This forum is for questions and support pertaining to mental health issues such as: Anger, Dementia, Depression, Family Problems, Memory Problems, Personality Disorders, Phobias, Schizophrenia, Transitions and Work Problems.
I wrote you at the beginning of this year with a question regarding tremors with Zoloft while we were living in a third world country. Since then we have returned to the U.S. and I have seen a neurolgist and am receiving counselling for Post-Traumatic Stress Disorder. I also was diagnosed with Mitral Valve Prolapse. After switching from Zoloft to Remeron, my tremors finally abated from continual down to episodic and that very minimally.
The neurologist said that the tremors were not "essential" or "organic" (not Parkinson's or MS) but were probably due to the Zoloft and/or the PTSD and that we cannot return overseas until they stop completely and if they return when we are overseas I must leave immediately and not return.
A new psychiatrist (we moved) felt that I was too tired on the Remeron and added Welbutrin also. When I looked it up on the internet, the manufacturer's site said that 6% had the side effect of tremors, but when I called the psychiatrist before taking it, she was annoyed I had looked it up and insisted I take it even though I was leaving on my own for three weeks for continued job training.
Of course the tremors returned, and I was devastated and furious. (By the way, they did not interfere with my ability to do my job or learn new skills). This threatens our projected May 2005 return date and since I was travelling, we don't know if the tremors were stress or the new medicine or both. Since returning home, I have gotten off that medicine (in fact, I'm stopping the Remeron too. I've had it with this stuff) and am in a safe environment again but the tremors continue.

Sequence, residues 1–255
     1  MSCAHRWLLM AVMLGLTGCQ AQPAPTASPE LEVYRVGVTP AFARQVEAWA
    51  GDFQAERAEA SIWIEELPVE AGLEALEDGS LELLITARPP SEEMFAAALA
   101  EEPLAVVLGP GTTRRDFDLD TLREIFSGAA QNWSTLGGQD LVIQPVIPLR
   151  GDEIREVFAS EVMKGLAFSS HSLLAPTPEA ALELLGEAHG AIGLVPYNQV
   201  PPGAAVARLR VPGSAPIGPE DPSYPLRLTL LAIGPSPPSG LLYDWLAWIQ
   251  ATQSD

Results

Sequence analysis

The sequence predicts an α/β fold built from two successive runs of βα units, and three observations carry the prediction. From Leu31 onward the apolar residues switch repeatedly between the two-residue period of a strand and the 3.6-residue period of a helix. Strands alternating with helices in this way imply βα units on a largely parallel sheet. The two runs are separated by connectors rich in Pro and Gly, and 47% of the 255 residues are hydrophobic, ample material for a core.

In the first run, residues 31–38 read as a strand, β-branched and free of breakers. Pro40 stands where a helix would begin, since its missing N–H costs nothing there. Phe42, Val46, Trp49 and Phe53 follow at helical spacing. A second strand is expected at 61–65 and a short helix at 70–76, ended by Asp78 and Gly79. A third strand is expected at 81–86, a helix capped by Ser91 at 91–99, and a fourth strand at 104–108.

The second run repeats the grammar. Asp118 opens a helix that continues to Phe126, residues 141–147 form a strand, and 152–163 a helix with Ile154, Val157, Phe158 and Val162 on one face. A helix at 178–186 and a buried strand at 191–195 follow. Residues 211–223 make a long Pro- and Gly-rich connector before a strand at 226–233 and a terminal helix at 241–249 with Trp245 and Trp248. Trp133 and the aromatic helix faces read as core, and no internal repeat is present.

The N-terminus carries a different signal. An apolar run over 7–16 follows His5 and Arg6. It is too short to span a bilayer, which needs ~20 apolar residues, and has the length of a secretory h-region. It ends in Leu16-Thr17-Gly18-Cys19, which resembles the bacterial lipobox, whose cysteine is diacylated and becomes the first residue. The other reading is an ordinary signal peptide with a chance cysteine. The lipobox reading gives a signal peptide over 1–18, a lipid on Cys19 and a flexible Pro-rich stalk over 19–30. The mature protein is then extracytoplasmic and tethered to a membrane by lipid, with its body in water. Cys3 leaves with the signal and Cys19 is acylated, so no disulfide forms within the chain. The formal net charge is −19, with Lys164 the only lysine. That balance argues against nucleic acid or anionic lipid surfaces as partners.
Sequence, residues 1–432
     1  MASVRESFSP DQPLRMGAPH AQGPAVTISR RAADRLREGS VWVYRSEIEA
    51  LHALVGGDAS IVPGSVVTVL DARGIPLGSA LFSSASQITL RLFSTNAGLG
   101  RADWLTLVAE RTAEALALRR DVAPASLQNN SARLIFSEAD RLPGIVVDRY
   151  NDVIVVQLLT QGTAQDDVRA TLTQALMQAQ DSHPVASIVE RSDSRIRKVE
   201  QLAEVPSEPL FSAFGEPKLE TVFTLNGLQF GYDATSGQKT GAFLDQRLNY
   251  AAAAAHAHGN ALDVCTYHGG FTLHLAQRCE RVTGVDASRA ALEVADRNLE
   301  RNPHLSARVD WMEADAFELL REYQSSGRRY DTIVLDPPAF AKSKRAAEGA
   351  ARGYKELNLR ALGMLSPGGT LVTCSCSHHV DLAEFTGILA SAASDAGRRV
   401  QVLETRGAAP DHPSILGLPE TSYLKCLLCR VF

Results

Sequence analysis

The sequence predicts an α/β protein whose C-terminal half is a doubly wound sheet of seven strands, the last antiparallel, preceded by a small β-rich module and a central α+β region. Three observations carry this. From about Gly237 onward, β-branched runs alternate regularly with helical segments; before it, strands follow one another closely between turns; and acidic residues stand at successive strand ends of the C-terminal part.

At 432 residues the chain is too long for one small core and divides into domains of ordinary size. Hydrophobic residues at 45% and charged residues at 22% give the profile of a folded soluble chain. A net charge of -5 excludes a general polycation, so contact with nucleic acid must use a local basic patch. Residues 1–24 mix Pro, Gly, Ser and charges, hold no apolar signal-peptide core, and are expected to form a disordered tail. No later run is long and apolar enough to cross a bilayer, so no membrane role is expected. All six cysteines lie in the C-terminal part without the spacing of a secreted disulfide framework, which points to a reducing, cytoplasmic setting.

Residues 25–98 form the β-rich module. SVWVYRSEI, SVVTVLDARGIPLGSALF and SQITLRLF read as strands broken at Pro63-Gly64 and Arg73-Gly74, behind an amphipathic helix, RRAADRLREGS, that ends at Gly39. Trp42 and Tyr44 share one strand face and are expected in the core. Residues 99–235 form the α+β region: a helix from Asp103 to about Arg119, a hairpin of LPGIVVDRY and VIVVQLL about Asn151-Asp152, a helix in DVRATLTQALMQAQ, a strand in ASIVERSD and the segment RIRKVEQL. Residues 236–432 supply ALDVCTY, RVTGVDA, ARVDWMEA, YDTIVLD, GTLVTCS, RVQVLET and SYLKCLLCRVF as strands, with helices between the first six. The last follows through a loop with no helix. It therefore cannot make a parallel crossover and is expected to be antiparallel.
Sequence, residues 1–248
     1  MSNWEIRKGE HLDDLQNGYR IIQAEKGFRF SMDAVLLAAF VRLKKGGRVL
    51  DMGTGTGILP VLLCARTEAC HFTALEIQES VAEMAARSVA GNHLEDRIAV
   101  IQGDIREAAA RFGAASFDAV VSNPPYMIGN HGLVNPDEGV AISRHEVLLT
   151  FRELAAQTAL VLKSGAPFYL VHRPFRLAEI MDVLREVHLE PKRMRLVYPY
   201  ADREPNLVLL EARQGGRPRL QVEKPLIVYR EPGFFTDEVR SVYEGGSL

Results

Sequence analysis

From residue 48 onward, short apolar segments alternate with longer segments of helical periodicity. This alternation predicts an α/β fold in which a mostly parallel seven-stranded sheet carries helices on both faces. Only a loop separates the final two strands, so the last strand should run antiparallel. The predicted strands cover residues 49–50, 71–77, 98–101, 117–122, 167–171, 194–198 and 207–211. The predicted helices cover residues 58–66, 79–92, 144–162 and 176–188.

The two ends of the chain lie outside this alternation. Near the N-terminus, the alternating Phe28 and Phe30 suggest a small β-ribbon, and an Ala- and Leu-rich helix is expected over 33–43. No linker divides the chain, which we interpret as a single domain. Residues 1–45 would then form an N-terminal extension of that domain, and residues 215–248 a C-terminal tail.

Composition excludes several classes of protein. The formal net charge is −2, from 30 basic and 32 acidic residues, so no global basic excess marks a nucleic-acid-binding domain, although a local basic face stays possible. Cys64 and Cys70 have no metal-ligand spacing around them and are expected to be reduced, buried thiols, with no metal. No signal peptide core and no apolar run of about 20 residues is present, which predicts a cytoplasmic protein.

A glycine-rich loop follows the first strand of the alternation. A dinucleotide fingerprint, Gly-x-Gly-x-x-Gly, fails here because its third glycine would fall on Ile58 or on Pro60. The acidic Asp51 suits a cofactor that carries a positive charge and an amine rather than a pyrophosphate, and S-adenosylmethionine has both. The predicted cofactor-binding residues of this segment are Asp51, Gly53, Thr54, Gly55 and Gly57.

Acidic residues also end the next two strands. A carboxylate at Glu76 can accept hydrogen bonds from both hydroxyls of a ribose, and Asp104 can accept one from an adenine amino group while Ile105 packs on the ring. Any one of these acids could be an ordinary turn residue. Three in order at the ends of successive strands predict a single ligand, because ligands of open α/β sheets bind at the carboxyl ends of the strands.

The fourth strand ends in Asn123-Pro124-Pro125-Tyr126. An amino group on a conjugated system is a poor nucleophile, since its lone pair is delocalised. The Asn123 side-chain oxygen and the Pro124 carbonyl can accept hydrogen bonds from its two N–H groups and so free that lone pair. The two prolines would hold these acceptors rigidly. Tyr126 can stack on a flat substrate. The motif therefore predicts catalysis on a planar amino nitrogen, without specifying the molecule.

I'm beginning to believe I'll have to live with stress triggering tremors though I still have hope that once I'm off all this medicine for a long while maybe they'll go away for good.
My question is this. Is the nuerologist right about this meaning we can't return overseas? Can continuing to have these tremors harm me in any way? Why can't I just go back anyway, find a place to live there where we will feel safer and try to manage my stress better? I had already been living a very healthy lifestyle. It seems a very drastic prescription that threatens my whole identity and leaves us very much at a loss. Loss being the operative word.
I chose the Topic Area "Mental Health" because that was where I posted my original question. I would hope that if it should have gone to Neurology (I can't seem to change it in this box) it will still receive the right attention.
Thank you very much for taking the time to respond to me.
I happen to agree with your common sense evaluation of the situation. If the tremors are drug induced, they will go away after you stop the medication. If they are stress triggered and not organic, they will not lead to any permanent harm and if you can find a way of managing them by staying safe or mentally managing the stress factor, then you should feel free to go wherever you want. Perhaps the neurologist thought that added stress would lead to some permanent habitual response of tremors on a learned basis. that will not happen as long as you remain as conscious and responsible about this as you seem to be.
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